On the day of the Hillsborough Stadium Disaster in 1989 I was a teenager, and like many others first heard on the radio, and then watched the TV news, as the tragic events unfolded. In common with all who had stood on the terraces of English football grounds in the 1980s, I could see that what was happening at the ground was a terribly extraordinary event – one clearly not incited by crowd trouble.
I also knew that on another given day it could have been me. I had spend my childhood in the 1980s at the front of those terraces, my face pressed up against those high fences that used to ring our grounds, so as to better see the faces of my heroes.
That is where the children stood, down the front. But it was something more than that. By 1989 the large majority of grounds in which football was played in England, and the experiences of going to watch a team play, had become inherently unsafe. The terrible events of 14 April 1989 had been foreshadowed on several occasions that decade and no lessons had been learned, or had wanted to be learnt.
The poem-cycle was born out of reading the daily transcripts produced online throughout The Second Hillsborough Inquest. Published by Smokestack Books on 1 April 2019 to mark the 30th anniversary of the disaster, the book combines eyewitness testimonies of the survivors at that second inquest to create an epic-poem part oral history and part documentary theatre.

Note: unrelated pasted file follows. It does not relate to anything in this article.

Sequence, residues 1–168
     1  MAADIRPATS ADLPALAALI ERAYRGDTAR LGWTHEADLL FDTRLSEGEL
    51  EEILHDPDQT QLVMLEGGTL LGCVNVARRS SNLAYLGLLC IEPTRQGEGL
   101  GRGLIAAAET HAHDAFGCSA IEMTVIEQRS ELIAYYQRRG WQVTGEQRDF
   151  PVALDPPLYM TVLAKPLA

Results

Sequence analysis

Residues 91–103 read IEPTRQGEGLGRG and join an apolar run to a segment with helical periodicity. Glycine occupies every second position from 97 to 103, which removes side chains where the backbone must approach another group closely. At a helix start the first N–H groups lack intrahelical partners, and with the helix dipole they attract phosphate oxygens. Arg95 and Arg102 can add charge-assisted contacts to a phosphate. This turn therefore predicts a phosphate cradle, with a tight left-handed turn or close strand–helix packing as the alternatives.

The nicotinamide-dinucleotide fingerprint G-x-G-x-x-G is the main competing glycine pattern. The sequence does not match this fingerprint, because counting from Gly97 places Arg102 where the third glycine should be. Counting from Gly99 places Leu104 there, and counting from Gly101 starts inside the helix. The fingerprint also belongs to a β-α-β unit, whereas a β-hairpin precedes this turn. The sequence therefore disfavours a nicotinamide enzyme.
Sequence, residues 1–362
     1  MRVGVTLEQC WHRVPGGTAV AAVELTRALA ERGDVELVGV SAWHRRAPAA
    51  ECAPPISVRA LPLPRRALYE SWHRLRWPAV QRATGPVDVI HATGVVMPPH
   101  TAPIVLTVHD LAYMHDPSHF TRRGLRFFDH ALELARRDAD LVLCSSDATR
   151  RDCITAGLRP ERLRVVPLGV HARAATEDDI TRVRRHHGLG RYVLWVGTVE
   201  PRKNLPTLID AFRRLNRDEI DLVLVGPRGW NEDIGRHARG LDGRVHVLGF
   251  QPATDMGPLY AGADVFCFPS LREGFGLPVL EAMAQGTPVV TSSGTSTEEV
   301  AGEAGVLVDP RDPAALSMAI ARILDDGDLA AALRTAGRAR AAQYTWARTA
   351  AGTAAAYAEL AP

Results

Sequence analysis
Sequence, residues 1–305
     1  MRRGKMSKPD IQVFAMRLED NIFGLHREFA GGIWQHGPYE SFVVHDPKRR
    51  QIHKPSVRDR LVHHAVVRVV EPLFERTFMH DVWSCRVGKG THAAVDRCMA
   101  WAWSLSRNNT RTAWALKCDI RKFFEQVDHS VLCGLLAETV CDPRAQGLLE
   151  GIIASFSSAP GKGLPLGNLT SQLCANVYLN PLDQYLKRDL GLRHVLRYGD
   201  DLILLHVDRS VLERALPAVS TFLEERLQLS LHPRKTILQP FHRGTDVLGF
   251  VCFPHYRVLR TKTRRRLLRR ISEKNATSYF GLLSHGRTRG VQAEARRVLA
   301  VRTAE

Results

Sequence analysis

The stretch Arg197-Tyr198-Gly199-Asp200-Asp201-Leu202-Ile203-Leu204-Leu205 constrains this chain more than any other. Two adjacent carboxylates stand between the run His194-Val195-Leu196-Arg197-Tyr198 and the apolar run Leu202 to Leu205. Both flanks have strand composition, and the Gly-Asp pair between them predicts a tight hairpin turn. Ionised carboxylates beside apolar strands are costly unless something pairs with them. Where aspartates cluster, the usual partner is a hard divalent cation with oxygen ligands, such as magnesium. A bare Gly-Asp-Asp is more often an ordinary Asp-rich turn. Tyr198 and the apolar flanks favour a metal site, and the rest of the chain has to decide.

My ambition throughout has been for the work to listen to the resonances held in the collective memory of that fateful day, hear the poetry found in the hearts of the people who lived through this terrible experience, and try to weave these testimonies into a singular voice. Focusing on everyday life and language, grammar uncorrected, every line of the poem is drawn from over two hundred and sixty days of formal evidence presented to the specially convened court in Warrington.
By placing the reader within the building maelstrom of events, I hope the work can act to cement in the memory the exact time and location of the unfolding disaster. The sights and smells, the personal fears and acts of braveries.
Above all, my ambition was that the voices of that day would be preserved once the formal Inquest verdict was reached; that they will stand as a true survivors story and not become lost in the headline news of the verdicts. That in time those words can became a living testament to the events that occurred one dark day in our shared sporting and social history.
I’ve written much – sorry. It’s a topic and so close to my heart. But then if we cannot go on about Hillsborough, what can we go on about.